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You can see why she mightn’t have become a name. Her absolute individualism, however fiercely admirable, occasionally manifests as collegiate awkwardness
Kim Porcelli, 31 Oct 2002
Katell Keineg is having a hot whiskey for the first time in ten years. “Ah, this brings me back to the early ’90s,” enunciates the Welshwoman-gone-native over its steaming edge in her smiley, breathy glottals, “and to life therewith.”
Appropriate enough: ’cos tonight feels like a celebration, amongst friends; not only of forthcoming EP What’s The Only Thing Worse Than The End Of Time?, but of the longevity of Keineg’s stubbornly wayward muse despite her maltreatment, as she crisply puts it, “at the hands of the cunting music industry.” “Didn’t become famous,” she intones, slurring upward to the notes with Waterboys-vintage sea-drunkenness, stirring up an intoxicating, delicious lyricism worthy of Tim Buckley; “didn’t become a name…/But this is not a talkin’ blues,” she murmurs, her eyes closed, her grin one of pure bliss.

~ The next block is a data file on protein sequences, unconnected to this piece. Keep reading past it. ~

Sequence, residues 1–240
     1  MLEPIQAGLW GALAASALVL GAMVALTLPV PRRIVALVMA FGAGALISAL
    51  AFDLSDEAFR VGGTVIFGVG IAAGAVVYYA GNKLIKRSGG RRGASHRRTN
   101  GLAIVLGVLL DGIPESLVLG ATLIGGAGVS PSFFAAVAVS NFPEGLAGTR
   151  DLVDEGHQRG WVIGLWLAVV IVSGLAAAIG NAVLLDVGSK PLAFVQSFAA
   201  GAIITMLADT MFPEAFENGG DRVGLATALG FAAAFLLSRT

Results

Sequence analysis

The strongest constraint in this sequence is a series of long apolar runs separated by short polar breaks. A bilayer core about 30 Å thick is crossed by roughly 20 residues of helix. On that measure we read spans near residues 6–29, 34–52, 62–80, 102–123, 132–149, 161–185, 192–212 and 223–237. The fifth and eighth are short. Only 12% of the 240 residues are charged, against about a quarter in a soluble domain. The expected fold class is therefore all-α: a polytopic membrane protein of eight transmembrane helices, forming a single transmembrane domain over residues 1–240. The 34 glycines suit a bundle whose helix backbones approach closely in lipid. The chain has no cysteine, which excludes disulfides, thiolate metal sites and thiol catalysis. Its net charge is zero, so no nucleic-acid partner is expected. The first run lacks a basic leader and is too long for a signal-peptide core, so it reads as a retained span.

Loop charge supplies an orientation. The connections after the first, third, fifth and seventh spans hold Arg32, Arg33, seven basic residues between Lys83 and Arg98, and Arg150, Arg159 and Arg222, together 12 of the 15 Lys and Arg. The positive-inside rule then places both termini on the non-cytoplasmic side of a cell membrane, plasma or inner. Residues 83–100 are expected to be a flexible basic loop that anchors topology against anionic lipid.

You can see why she mightn’t have become a name however. Her absolute individualism, however fiercely admirable, occasionally manifests as collegiate awkwardness (an anti-Bush ditty refers to “you and your plastic head”; elsewhere, Hitler “was a mama’s boy”) as well as sonic anachronism (a brief spate of Mary Margaret O’Hara-style vocal ululation is a bit 1988). But a lullaby cover of Pink Floyd’s ‘Wish You Were Here’, followed by a careful and precious ‘Gulf Of Araby’, confirm that we in Ireland at least - and life therewith - are so much richer for having her.